43. Park J, Zhang Y, Saito E. et al. Intravascular innate immune cells reprogrammed via intravenous nanoparticles to promote functional recovery after spinal cord injury. Proc Natl Acad Sci U S A. 2019;116(30):14947-14954
44. Vhora I, Lalani R, Bhatt P. et al. Lipid-nucleic acid nanoparticles of novel ionizable lipids for systemic BMP-9 gene delivery to bone-marrow mesenchymal stem cells for osteoinduction. Int J Pharm. 2019;563:324-336
45. Patel S, Ryals RC, Weller KK. et al. Lipid nanoparticles for delivery of messenger RNA to the back of the eye. J Control Release. 2019;303:91-100
46. Tan T, Hu H, Wang H. et al. Bioinspired lipoproteins-mediated photothermia remodels tumor stroma to improve cancer cell accessibility of second nanoparticles. Nat Commun. 2019;10(1):3322
47. Miao L, Li L, Huang Y. et al. Delivery of mRNA vaccines with heterocyclic lipids increases anti-tumor efficacy by STING-mediated immune cell activation. Nat Biotechnol. 2019;37(10):1174-1185
48. Almeida APB, Damaceno GBR, Carneiro AF. et al. Mucopenetrating lipoplexes modified with PEG and hyaluronic acid for CD44-targeted local siRNA delivery to the lungs. J Biomater Appl. 2019;34(5):617-630
49. Liu Y, Crowe WN, Wang L. et al. An inhalable nanoparticulate STING agonist synergizes with radiotherapy to confer long-term control of lung metastases. Nat Commun. 2019;10(1):5108
50. Billingsley MM, Singh N, Ravikumar P. et al. Ionizable lipid nanoparticle-mediated mRNA delivery for uman CAR T cell engineering. Nano Lett. 2020;20(3):1578-1589
51. Knight FC, Gilchuk P, Kumar A. et al. Mucosal immunization with a pH-responsive nanoparticle vaccine induces protective CD8+ lung-resident memory T cells. ACS Nano. 2019;13(10):10939-10960
52. Strand MS, Krasnick BA, Pan H. et al. Precision delivery of RAS-inhibiting siRNA to KRAS driven cancer via peptide-based nanoparticles. Oncotarget. 2019;10(46):4761-4775
53. Shae D, Becker KW, Christov P. et al. Endosomolytic polymersomes increase the activity of cyclic dinucleotide STING agonists to enhance cancer immunotherapy. Nat Nanotechnol. 2019;14(3):269-278
54. Zhang L, Wang Y, Yang D. et al. Shape effect of nanoparticles on tumor penetration in monolayers versus spheroids. Mol Pharm. 2019;16(7):2902-2911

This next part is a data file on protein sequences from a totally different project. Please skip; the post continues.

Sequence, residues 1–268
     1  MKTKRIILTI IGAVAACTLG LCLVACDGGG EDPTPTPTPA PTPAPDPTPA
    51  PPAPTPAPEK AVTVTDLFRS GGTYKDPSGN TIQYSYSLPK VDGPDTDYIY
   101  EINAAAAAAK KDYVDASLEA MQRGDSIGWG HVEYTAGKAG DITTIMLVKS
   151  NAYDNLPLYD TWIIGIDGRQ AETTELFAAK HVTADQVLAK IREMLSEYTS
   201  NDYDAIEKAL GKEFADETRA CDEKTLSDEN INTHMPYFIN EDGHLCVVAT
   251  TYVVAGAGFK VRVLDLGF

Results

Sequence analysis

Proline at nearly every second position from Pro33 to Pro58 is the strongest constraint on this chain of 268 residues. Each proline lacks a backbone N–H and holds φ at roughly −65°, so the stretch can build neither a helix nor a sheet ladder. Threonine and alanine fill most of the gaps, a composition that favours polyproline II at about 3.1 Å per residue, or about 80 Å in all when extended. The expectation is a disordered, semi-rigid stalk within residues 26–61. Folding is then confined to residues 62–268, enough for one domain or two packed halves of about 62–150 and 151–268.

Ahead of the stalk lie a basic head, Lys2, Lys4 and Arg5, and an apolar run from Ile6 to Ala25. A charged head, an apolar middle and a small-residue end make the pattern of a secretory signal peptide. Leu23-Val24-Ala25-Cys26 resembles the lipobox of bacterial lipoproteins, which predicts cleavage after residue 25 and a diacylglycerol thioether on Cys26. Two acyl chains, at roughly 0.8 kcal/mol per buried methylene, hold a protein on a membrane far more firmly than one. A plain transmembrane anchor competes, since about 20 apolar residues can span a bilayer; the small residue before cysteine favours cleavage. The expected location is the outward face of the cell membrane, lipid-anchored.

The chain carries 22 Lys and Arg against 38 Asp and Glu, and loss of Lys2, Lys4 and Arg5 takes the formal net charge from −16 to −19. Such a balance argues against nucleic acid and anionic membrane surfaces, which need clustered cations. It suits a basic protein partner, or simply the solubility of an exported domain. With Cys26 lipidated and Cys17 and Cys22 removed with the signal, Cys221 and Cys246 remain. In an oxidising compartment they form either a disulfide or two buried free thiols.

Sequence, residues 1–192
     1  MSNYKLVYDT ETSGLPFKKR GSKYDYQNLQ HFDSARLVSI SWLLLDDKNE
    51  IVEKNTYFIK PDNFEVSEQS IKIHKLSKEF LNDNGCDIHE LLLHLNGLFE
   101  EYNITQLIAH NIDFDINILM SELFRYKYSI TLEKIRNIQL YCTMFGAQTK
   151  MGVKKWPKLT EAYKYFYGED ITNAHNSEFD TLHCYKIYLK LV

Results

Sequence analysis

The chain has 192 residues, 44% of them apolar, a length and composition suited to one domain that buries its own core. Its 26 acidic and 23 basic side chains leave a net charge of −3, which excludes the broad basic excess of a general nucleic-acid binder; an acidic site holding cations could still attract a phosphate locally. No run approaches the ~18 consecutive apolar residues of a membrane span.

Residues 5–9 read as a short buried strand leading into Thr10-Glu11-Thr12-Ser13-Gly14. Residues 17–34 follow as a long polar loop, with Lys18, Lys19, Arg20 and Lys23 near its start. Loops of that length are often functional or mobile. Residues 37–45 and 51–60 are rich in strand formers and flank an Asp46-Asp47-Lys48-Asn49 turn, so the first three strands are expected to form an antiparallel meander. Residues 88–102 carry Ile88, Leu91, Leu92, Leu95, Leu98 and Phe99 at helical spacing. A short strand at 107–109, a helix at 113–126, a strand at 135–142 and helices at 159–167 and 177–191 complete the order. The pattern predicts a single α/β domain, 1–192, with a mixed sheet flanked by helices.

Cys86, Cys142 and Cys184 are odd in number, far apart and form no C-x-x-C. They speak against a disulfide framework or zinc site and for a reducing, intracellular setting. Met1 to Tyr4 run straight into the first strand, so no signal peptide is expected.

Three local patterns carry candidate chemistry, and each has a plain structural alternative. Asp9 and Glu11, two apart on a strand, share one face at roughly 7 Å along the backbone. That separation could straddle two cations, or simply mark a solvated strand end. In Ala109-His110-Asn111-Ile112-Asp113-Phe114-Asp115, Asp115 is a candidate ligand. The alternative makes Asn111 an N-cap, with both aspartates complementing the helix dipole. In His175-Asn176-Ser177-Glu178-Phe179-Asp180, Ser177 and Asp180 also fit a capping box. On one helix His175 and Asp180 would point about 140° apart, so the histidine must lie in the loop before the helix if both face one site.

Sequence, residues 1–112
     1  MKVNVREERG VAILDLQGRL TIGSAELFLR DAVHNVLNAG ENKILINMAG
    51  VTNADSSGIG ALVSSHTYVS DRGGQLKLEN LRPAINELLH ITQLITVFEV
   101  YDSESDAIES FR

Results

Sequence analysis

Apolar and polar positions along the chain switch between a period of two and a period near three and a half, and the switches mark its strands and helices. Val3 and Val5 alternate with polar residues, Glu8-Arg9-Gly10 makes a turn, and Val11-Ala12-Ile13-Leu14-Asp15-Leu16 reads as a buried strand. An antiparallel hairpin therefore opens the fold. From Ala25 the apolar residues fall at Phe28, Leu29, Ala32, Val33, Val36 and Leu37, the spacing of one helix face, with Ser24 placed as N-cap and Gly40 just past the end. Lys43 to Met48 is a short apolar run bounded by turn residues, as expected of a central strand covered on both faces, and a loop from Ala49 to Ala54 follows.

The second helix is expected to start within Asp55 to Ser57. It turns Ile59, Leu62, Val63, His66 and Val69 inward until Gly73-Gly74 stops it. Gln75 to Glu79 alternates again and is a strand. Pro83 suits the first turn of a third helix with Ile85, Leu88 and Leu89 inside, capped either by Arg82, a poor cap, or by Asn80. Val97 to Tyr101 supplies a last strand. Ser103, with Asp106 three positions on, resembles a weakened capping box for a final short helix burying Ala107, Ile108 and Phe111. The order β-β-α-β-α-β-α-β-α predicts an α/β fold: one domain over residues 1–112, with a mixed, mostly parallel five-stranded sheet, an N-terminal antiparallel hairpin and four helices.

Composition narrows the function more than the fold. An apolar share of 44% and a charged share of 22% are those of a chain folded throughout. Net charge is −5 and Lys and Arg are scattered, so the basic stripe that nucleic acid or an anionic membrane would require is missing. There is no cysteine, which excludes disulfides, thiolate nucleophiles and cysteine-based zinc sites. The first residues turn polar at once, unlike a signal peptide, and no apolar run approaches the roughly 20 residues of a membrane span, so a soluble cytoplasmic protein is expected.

55. Wei L, Zhao Y, Hu X. et al. Redox-responsive polycondensate neoepitope for enhanced personalized cancer vaccine. ACS Cent Sci. 2020;6(3):404-412
56. Gao Y, Jia L, Wang Q. et al. pH/Redox dual-responsive polyplex with effective endosomal escape for codelivery of siRNA and Doxorubicin against drug-resistant cancer cells. ACS Appl Mater Interfaces. 2019;11(18):16296-16310
57. Lim WQ, Phua SZF, Zhao Y. Redox-responsive polymeric nanocomplex for delivery of cytotoxic protein and chemotherapeutics. ACS Appl Mater Interfaces. 2019;11(35):31638-31648
58. Shi H, Xu M, Zhu J. et al. Programmed co-delivery of platinum nanodrugs and gemcitabine by a clustered nanocarrier for precision chemotherapy for NSCLC tumors. J Mater Chem B. 2020;8(2):332-342
59. Guo F, Fu Q, Zhou K. et al. Matrix metalloprotein-triggered, cell penetrating peptide-modified star-shaped nanoparticles for tumor targeting and cancer therapy. J Nanobiotechnol. 2020;18(1):48
60. Xu C, Nam J, Hong H. et al. Positron emission tomography-guided photodynamic therapy with biodegradable mesoporous Silica nanoparticles for personalized cancer immunotherapy. ACS Nano. 2019;13(10):12148-12161
61. Yeo ELL, Cheah JUJ, Thong PSP. et al. Gold nanorods coated with apolipoprotein E protein corona for drug delivery. ACS Appl Nano Mater. 2019;2:6220-6229
62. Yi Y, Kim HJ, Zheng M. et al. Glucose-linked sub-50-nm unimer polyion complex-assembled gold nanoparticles for targeted siRNA delivery to glucose transporter 1-overexpressing breast cancer stem-like cells. J Control Release. 2019;295:268-277
63. Zhang L, Su H, Wang H. et al. Tumor chemo-radiotherapy with rod-shaped and spherical gold nano probes: shape and active targeting both matter. Theranostics. 2019;9(7):1893-1908
64. Ramchandani D, Lee SK, Yomtoubian S. et al. Nanoparticle delivery of miR-708 mimetic impairs breast cancer metastasis. Mol Cancer Ther. 2019;18(3):579-591
65. Xu C, Gao F, Wu J. et al. Biodegradable nanotheranostics with hyperthermia-induced bubble ability for ultrasound imaging-guided chemo-photothermal therapy. Int J Nanomed. 2019;14:7141-7153
Corresponding author: Professor Jianshe Yang, Shanghai Research Center for Thyroid Diseases, Shanghai Tenth People's Hospital, Tongji University School of Medicine, Shanghai 200072, China. Tel: +86-21-66302721, E-mail: yangjsac.cn.